Classroom technology delivers big on learning and economising
Readers of the classics will be familiar with an “expensive education” being a significant part of character descriptions. It didn’t necessarily only apply to the heroes, but it certainly singled people out to be of a certain pedigree. We have spoken previously on this blog about how education is one of the biggest levers of change for Indians and why it’s so highly valued. What parent would opt to give their children the best possible start in life?
The classics remain with us – we still tend to associate higher school fees with the quality education. The trope of the self-sacrificing parents foregoing worldly comforts and basic necessities in order to be able to afford their child’s tuition and books is as old as Bollywood itself. But the trope doesn’t stray too far from the truth. Parents scrimp and save for the child’s tuition, school books, and uniforms. The nightmare of your child getting into a top-ranked university and being unable to pay for it must have kept many a parent awake in the dead of the night.
But does this thinking have any basis in reality? Our government certainly seems to think so, if the recent maintenance of educational institution’s tax neutral status under GST is any indicator. Educational loans are one of the most popular services offered by any financial institution. EdTech is one of the fastest growing sectors projected to reach $252bn by 2020.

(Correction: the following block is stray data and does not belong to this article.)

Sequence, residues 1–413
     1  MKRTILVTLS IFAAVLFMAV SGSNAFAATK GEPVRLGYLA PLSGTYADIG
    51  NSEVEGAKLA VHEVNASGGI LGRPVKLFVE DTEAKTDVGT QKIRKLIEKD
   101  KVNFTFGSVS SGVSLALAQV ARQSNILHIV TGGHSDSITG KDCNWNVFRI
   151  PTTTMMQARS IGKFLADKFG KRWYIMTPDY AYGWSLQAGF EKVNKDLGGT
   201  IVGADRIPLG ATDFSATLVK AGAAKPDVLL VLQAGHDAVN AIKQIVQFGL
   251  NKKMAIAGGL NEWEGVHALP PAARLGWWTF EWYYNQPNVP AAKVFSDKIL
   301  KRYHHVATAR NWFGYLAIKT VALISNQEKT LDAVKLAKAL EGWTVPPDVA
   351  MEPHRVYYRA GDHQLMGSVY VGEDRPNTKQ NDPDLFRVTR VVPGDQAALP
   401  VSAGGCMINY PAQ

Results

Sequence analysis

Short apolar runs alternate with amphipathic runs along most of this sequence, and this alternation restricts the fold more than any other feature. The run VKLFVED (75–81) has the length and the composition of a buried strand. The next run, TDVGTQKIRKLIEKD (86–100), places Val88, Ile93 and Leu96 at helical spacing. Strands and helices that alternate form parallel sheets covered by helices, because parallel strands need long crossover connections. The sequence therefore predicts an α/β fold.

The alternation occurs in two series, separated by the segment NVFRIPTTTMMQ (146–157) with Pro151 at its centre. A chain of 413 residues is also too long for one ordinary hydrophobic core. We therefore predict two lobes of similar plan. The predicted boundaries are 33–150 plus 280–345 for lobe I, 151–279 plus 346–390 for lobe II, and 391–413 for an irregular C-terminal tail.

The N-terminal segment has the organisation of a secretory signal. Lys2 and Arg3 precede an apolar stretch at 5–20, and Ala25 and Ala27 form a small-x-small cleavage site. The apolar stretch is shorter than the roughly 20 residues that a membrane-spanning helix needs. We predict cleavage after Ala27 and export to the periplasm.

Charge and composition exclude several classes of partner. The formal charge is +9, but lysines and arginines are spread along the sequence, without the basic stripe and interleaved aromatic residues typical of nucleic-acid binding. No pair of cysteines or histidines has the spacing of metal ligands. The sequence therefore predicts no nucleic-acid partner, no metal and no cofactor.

But let’s be realistic. Despite our propensity to pay through our noses if it means our child will get into a top engineering college, economising on education is fast becoming a necessity in these times of massive inflation. Things might have hit a boiling point. From Gurgaon to Ghatkopar, there is been a spate of parents protesting predatory school fee hikes. Parents have moved on from informal networks to dedicated portals where school materials are shared or traded.
While education is a big business in India, not all institutions are predatory. It is undeniable that they too face ever-increasing costs in their aim to provide quality education. Infrastructural demands have made college education costs skyrocket, and we are starting to see this trickle down to schools, with real estate prices skyrocketing over the last few decades in India. Course fees, books, transport all inflate the bill. While some expenses are justified (can one put a price on the impact a good teacher makes on their students’ lives?), educational institutions must cut costs. This is where educational technology comes into play. One doesn’t need to rely on hand me down uniforms, second-hand textbooks bought at the raddiwala’s, a parent’s jugaad, or government subsidies to save a little. Institutions have the power to effect real change when they use platforms like Fedena. They allow schools to lower their bill while enabling them to continue working efficiently and effectively.
It isn’t just student-teacher relations that improve with the increase in personalised teaching. Administrators are relieved of the burden of financial management, resulting in increased work efficacy and reduced HR costs. Parent-school relationships are also bettered when teachers and administrators are easily able to connect over their ward’s schooling – whether it better transport management or easy access to classroom progress.
Economising isn’t just the purview of policy or an anxious parent. Institutions have already begun investing in high tech equipment to provide better schooling for their students. So why not leverage the power of learning technology a little more? The payoff is undeniable. An education no longer needs to be expensive to be effective, efficient, and practical – smart schools are the intelligent choice.
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